Many decades ago, when most uni students could not afford a second-hand car, hitchhiking was always an option. In those days it was safe; by putting your thumb out on the road-side within minutes you could be sitting in the front or back seat of a car having a friendly chat with a kind motorist.
There was, however, one major drawback: uncertainty. Hitchhikers had no timetables; they could wait minutes or hours for a ride. I once found myself in the Nevada desert (USA) standing in a long line of hitchhikers. Some had been there several hours and none of us knew when the next car would stop. We also never knew whether the ride would be for 5 miles or 500. But if you were young with little money and a sense of adventure it was a great way to travel.
The days of hitchhiking are well and truly over. It is dangerous and illegal, but I can’t help thinking there are parallels with this pursuit and ‘the road less travelled’ that Jesus calls us to. When Jesus walked by the Sea of Galilee and saw Peter and Andrew, his brother and later James and his brother, John, Jesus invited them to “Follow Me” (Matthew 4:18). Maybe these fishermen had heard rumours about this carpenter/preacher. Maybe they had even listened in on one of his teachings or witnessed a miracle. Perhaps they felt a little bit like hitchhikers.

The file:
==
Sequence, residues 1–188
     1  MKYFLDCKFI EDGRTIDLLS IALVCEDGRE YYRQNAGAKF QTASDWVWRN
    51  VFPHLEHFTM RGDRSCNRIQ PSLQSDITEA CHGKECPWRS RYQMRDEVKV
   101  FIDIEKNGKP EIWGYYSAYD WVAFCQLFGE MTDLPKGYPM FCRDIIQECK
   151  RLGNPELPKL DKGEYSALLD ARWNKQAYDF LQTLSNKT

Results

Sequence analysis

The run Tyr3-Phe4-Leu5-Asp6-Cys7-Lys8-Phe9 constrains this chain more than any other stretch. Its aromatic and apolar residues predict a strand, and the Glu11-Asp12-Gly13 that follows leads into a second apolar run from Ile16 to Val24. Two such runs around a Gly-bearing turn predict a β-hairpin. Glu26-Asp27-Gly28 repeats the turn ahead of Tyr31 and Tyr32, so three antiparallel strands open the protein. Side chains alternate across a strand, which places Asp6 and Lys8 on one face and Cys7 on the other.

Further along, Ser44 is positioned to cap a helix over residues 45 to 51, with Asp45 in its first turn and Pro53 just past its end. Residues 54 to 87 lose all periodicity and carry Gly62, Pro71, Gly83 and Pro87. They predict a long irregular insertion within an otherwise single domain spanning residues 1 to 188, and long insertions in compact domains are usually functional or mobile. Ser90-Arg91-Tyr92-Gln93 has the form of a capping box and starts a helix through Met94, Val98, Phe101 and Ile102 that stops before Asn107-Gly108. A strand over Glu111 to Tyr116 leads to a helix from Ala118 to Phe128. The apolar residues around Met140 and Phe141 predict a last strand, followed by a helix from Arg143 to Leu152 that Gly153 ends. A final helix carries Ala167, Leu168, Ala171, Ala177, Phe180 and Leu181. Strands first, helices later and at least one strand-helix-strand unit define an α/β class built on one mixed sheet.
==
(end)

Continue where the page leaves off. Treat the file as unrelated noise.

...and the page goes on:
The road ahead was unclear; Where would Jesus take them? What obstacles would they face? Would there be roadblocks, delays, detours? Who else might join them and where would they end up? Many of these questions may have been churning in the minds of Jesus’ early followers. There were no guarantees, just the invitation to follow Jesus through thick and thin, trial and tribulation. There was probably a deep sense that the Galilean, Jesus, was worthy of their complete trust and devotion wherever that might lead.
Our journey as Christ’s followers in the 21st century has similar challenges. There is a vital place for strategic plans and compelling visions; there is a need to read the signs of the time, there are various sign posts God gives us, but in the end we have no certainty about what is before us. What we do have is the ongoing call to follow Jesus, the invitation to listen for the Spirit’s guidance, the road map of scripture, (preferable to The Hitchhikers Guide to the Galaxy). There is also the encouragement of fellow travellers (the Christian community) and the promise of the ever present companion, the risen Christ and the powerful hope of an eternal home.
This is the adventure of a life of faith. I don’t know about you but it is the ongoing journey I am signing up for.
Rev Steve Francis, moderator of the Uniting Church in WA